Instead of learning a lot at Catalyst West this week like I'd hoped to be doing, I'm at home with some sort of cold/flu thing…a ball of congestion and scratchiness.


That gives me a chance to ponder some things. Here's what I'm thinking about on this cloudy, but adequate Southern California day:

  • Doctrine is more important and relevant than people often think.
  • The Bible has never been more relevant.
  • I'm finishing up Frank Honeycutt's, The Truth Shall Make You Odd. What an enjoyable book! Here's something I read this morning I'm chewing on, "Praise can be a deceptive cousin to criticism; neither is a consistent indicator by which to evaluate pastoral efficacy."
  • Here's another in the book, a quote from Dallas Willard, "One of the greatest weaknesses in our teaching and leadership today is that we spend so much time trying to get people to do things good people are supposed to do, without changing what they really believe."
  • I'm also reading a book few out there have probably read but is rocking my world, Spirit-Empowered Preaching, by Arturo Azurdia. It's as good of a concrete explanation of the Spirit's work in the ministry of the preacher that still allows for mystery. 
  • It's also the first non E-book I've read in a while and I still enjoy old-school reading.
  • Proper planning may be the most important secular weapon a preacher has at their disposal.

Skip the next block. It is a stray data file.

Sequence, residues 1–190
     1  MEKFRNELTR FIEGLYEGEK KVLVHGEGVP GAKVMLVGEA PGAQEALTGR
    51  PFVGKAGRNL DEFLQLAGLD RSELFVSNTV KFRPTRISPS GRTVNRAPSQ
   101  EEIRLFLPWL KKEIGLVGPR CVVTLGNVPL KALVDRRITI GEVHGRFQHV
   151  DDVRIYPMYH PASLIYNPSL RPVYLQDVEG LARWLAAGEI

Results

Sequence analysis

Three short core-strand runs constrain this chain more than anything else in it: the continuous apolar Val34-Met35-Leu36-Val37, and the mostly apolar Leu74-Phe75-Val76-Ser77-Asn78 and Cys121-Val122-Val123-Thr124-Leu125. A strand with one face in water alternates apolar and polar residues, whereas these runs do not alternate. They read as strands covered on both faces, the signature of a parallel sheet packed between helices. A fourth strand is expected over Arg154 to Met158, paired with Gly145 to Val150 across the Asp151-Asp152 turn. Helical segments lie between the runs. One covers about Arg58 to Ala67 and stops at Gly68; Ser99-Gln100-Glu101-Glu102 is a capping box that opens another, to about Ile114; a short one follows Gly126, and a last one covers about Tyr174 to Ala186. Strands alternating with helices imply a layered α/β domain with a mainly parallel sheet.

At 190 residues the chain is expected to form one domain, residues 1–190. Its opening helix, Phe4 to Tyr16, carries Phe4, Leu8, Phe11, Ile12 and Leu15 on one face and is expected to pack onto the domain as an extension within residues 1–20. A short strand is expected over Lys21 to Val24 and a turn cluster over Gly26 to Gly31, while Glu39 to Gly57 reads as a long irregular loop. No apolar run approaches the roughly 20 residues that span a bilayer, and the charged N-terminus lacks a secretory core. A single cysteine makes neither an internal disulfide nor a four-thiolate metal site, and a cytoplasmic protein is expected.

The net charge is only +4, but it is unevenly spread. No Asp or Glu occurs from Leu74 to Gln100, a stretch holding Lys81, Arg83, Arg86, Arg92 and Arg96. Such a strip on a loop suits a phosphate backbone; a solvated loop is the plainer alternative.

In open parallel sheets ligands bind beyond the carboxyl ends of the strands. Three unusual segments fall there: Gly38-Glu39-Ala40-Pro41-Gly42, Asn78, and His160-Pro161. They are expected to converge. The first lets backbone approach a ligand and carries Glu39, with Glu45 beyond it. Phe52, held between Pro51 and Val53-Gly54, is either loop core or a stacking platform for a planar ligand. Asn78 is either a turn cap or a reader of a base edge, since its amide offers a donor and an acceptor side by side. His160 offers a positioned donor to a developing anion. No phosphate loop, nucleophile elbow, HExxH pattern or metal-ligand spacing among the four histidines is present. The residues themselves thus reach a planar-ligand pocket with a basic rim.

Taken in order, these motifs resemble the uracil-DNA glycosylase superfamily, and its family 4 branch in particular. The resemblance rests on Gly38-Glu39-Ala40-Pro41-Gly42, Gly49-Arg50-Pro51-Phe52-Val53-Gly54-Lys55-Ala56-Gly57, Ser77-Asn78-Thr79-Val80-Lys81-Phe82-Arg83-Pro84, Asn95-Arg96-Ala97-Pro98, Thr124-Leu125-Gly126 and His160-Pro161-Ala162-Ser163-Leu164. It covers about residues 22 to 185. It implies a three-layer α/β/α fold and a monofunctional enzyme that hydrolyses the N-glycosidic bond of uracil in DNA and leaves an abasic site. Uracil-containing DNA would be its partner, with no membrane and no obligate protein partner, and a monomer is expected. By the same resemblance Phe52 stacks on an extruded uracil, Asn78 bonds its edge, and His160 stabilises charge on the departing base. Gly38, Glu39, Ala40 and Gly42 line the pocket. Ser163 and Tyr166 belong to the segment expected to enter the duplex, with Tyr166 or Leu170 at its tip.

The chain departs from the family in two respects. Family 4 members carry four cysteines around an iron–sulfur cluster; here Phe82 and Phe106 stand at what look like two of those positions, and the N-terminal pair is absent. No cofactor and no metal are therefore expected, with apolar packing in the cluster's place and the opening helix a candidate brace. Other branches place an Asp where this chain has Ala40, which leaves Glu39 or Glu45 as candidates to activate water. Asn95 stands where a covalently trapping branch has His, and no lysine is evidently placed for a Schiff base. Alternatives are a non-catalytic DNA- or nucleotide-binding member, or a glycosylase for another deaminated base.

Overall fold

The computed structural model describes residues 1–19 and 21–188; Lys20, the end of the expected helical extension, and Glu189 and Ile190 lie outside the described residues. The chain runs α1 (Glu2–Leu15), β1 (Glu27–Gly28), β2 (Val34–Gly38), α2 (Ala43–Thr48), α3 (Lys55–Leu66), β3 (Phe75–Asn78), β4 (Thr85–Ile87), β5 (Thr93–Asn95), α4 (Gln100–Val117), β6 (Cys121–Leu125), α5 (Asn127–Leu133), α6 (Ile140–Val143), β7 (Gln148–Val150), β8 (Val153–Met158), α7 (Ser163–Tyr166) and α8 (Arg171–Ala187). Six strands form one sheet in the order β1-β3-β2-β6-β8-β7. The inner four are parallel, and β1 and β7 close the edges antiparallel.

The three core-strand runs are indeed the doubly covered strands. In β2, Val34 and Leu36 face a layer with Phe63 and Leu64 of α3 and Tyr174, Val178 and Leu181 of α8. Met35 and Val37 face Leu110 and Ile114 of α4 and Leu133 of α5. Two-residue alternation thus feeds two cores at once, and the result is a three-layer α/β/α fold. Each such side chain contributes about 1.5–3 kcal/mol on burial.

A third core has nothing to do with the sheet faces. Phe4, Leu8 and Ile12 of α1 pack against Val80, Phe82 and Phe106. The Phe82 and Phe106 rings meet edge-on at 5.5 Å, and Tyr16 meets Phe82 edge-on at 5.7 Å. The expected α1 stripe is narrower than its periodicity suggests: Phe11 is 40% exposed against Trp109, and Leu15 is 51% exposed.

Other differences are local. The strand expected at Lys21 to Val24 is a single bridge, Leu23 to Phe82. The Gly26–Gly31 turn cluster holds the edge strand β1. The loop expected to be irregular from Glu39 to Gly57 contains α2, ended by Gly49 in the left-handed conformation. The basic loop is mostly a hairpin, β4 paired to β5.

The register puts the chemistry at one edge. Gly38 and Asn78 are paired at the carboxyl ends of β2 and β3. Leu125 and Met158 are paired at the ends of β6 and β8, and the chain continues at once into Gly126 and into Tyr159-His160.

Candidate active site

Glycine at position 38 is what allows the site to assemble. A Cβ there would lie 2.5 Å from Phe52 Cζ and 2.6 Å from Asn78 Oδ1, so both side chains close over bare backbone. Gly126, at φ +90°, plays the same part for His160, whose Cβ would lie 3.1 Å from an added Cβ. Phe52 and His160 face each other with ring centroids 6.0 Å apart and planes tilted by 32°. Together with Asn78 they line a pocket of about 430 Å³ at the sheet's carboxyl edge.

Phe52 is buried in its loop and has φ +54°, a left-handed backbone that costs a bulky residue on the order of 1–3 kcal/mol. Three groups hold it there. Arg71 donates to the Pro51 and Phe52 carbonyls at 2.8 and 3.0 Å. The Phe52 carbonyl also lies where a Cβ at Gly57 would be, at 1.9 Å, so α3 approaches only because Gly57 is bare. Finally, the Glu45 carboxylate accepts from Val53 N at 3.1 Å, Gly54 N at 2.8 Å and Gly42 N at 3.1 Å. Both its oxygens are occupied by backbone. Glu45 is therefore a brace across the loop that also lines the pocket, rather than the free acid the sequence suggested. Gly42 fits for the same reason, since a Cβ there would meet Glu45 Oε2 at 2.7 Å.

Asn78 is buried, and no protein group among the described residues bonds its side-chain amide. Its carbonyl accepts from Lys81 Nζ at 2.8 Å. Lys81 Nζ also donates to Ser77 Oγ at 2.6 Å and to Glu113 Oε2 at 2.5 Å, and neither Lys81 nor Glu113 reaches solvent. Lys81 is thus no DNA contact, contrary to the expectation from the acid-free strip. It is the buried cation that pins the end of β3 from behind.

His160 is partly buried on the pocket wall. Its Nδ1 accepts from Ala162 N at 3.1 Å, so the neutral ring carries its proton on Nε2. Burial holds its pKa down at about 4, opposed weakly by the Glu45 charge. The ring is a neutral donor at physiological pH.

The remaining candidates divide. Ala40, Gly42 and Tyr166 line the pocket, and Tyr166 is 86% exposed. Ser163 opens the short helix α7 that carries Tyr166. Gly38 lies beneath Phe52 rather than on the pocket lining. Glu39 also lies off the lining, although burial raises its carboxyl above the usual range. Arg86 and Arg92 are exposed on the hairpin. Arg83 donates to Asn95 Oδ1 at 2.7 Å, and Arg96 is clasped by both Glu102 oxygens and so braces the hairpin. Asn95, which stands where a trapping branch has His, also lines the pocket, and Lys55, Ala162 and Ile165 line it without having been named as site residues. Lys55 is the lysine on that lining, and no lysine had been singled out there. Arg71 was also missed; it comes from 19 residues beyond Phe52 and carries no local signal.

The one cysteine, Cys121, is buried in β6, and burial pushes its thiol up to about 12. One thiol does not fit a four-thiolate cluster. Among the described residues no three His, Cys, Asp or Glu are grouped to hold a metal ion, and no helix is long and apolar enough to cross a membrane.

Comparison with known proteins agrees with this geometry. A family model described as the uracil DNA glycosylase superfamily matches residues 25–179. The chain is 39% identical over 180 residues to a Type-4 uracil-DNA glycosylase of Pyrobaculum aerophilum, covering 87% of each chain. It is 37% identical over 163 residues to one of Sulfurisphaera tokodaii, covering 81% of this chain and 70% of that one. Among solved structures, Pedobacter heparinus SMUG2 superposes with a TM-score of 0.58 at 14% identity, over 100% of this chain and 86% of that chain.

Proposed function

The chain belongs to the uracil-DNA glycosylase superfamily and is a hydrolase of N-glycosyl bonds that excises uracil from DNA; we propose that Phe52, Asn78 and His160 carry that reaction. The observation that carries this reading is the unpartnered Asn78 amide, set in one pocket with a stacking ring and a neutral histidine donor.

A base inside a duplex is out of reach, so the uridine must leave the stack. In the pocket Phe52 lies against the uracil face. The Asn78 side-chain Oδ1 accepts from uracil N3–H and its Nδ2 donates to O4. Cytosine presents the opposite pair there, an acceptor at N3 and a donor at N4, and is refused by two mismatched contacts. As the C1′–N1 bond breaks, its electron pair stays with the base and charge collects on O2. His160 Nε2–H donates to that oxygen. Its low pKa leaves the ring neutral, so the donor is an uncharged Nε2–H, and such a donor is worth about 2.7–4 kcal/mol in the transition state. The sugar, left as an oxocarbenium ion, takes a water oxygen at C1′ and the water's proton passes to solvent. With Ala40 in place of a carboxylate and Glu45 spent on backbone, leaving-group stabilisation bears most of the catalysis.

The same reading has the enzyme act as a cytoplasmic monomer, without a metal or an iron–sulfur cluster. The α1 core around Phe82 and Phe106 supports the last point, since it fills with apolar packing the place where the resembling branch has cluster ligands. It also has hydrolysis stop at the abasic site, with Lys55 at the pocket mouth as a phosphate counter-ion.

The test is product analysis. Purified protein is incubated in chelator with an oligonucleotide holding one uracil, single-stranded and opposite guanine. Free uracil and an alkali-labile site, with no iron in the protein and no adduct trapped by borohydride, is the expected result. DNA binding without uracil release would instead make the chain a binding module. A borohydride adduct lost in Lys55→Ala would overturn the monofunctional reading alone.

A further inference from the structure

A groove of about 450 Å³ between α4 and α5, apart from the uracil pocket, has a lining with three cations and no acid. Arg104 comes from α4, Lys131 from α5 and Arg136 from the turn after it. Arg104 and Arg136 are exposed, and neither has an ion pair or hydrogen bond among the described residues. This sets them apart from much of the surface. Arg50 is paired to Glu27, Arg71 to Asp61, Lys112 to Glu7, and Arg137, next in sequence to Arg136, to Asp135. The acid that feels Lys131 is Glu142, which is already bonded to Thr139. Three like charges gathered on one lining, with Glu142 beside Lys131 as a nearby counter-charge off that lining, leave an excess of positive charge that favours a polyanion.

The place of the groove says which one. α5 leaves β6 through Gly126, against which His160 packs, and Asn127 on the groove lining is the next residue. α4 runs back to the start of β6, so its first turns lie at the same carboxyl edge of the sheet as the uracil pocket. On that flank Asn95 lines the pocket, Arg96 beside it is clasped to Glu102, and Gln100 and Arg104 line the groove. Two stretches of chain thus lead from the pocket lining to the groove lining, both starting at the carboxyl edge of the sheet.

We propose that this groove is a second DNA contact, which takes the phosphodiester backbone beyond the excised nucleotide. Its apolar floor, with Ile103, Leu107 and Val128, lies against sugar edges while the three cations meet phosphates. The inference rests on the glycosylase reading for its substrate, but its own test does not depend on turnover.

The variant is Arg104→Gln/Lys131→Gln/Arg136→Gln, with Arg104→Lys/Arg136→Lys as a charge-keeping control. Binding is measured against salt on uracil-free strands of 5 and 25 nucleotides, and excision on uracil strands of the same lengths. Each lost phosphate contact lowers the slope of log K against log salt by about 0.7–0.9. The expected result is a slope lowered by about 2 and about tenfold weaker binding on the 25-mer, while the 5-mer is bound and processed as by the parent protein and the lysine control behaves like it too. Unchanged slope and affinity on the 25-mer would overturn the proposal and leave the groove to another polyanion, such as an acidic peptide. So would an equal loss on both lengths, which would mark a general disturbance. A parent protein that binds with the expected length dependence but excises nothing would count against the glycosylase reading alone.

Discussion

• All food tastes bland or bad when you're sick. Taste is one of God's more unsung blessings.
  • There are generally three kinds of atheists in today's world: one who doesn't believe because of science, another who doesn't believe because of philosophical/existential reasons, the other actually does believe but is in rebellion because of who they think God and His people are.
  • For all of the whining some elites do about contemporary hymns…I believe some really good ones are being written today. One example would be, "Blessed Be Your Name," by Matt Redman.
  • For all the whining some of today's contemporaries do about the old hymns, they still amaze. Horation Spafford's, It is Well With My Soul will thunder until the Lord's return.
  • According to CCLI, the five most frequently used songs in contemporary worship today are: Mighty to Save, How Great is our God, Blessed be Your Name, Everlasting God, and Revelation Song. I'm good with that. I think it's hard to make the case that today's hymns are humanistic or shallow. I believe simple, but powerful articulations of Christian doctrine and faith is a better description. 
  • The single most overrated and irrelevant element of a church's health and growth is what the Pastor wears. 

Feel free to respond to any or all of this. Or…simply enjoy a healthy day.